Exposure of skeletal myoblasts to growth factor-deficient medium results in transcriptional activation of muscle-specific genes, including the muscle creatine kinase gene (mck). Tissue specificity, developmental regulation, and high-level expression of mck are conferred primarily by a muscle-specific enhancer located between base pairs (bp) -1350 and -1048 relative to the transcription initiation site (E. A. Sternberg, G. Spizz, W. M. Perry, D. Vizard, T. Weil, and E. N. Olson, Mol. Cell. Biol. 8:2896-2909, 1988). To begin to define the regulatory mechanisms that mediate the selective activation of the mck enhancer in differentiating muscle cells, we have further delimited the boundaries of this enhancer and analyzed its interactions with nuclear factors from a variety of myogenic and nonmyogenic cell types. Deletion mutagenesis showed that the region between 1,204 and 1,095 bp upstream of mck functions as a weak muscle-specific enhancer that is dependent on an adjacent enhancer element for strong activity. This adjacent activating element does not exhibit enhancer activity in single copy but acts as a strong enhancer when multimerized. Gel retardation assays combined with DNase I footprinting and diethyl pyrocarbonate interference showed that a nuclear factor from differentiated C2 myotubes and BC3H1 myocytes recognized a conserved A + T-rich sequence within the peripheral activating region. This myocyte-specific enhancer-binding factor, designated MEF-2, was undetectable in nuclear extracts from C2 or BC3H1 myoblasts or several nonmyogenic cell lines. MEF-2 was first detectable within 2 h after exposure of myoblasts to mitogen-deficient medium and increased in abundance for 24 to 48 h thereafter. The appearance of MEF-2 required ongoing protein synthesis and was prevented by fibroblast growth factor and type beta transforming growth factor, which block the induction of muscle-specific genes. A myoblast-specific factor that is down regulated within 4 h after removal of growth factors was also found to bind to the MEF-2 recognition site. A 10-bp sequence, which was shown by DNase I footprinting and diethyl pyrocarbonate interference to interact directly with MEF-2, was identified within the rat and human mck enhancers, the rat myosin light-chain (mlc)-1/3 enhancer, and the chicken cardiac mlc-2A promoter. Oligomers corresponding to the region of the mlc-1/3 enhancer, which encompasses this conserved sequence, bound MEF-2 and competed for its binding to the mck enhancer. These results thus provide evidence for a novel myocyte-specific enhancer-binding factor, MEF-2, that is expressed early in the differentiation program and is suppressed by specific polypeptide growth factors. The ability of MEF-2 to recognize conserved activating elements associated with multiple-specific genes suggests that this factor may participate in the coordinate regulation of genes during myogenesis.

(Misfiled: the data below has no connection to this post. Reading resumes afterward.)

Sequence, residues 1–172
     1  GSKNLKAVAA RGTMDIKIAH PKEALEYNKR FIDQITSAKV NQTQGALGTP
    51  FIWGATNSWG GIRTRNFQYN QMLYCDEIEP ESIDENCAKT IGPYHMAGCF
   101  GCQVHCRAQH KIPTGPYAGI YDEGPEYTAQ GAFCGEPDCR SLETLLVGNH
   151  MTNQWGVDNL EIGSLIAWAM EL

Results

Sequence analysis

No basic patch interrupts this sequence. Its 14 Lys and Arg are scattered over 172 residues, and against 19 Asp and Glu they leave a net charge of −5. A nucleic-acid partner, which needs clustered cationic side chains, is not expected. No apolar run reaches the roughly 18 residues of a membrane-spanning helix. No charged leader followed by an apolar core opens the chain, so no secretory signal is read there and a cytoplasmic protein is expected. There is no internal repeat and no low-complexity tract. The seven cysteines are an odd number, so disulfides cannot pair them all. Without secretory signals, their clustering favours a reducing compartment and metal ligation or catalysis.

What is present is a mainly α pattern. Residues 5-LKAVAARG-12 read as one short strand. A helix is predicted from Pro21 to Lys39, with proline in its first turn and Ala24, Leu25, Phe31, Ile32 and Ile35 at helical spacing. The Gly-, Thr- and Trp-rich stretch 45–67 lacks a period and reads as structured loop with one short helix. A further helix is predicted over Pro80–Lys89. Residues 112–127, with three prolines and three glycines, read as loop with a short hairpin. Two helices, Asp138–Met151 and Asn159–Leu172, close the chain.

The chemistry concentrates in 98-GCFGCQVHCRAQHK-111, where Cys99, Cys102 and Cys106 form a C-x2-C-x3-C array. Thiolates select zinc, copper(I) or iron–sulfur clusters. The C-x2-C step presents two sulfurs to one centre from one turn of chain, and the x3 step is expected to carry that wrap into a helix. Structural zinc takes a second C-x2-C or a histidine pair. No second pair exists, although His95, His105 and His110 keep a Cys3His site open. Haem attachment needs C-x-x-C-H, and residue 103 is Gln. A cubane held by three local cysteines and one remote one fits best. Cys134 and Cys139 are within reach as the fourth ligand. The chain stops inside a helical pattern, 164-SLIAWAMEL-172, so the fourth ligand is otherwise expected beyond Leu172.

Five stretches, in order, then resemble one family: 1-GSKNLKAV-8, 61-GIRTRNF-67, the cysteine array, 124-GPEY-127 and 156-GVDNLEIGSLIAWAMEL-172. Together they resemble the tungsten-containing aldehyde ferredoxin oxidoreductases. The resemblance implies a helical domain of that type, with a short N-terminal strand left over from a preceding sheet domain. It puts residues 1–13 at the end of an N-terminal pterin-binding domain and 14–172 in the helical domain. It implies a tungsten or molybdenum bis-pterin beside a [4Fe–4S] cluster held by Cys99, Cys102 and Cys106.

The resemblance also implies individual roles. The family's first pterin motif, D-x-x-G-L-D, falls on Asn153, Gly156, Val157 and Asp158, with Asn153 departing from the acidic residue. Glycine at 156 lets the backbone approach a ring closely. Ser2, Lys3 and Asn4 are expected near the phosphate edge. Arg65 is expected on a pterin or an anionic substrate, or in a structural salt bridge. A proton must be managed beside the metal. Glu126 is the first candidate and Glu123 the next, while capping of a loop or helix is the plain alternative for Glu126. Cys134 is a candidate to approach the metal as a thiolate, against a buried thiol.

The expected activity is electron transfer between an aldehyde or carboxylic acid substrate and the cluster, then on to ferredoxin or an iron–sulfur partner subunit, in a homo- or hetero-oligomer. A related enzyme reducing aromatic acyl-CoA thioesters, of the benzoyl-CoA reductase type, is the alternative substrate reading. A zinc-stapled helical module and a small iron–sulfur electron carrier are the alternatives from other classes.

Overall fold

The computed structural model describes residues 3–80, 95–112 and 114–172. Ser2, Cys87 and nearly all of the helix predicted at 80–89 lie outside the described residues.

PMCID: PMC363654  PMID: 2601707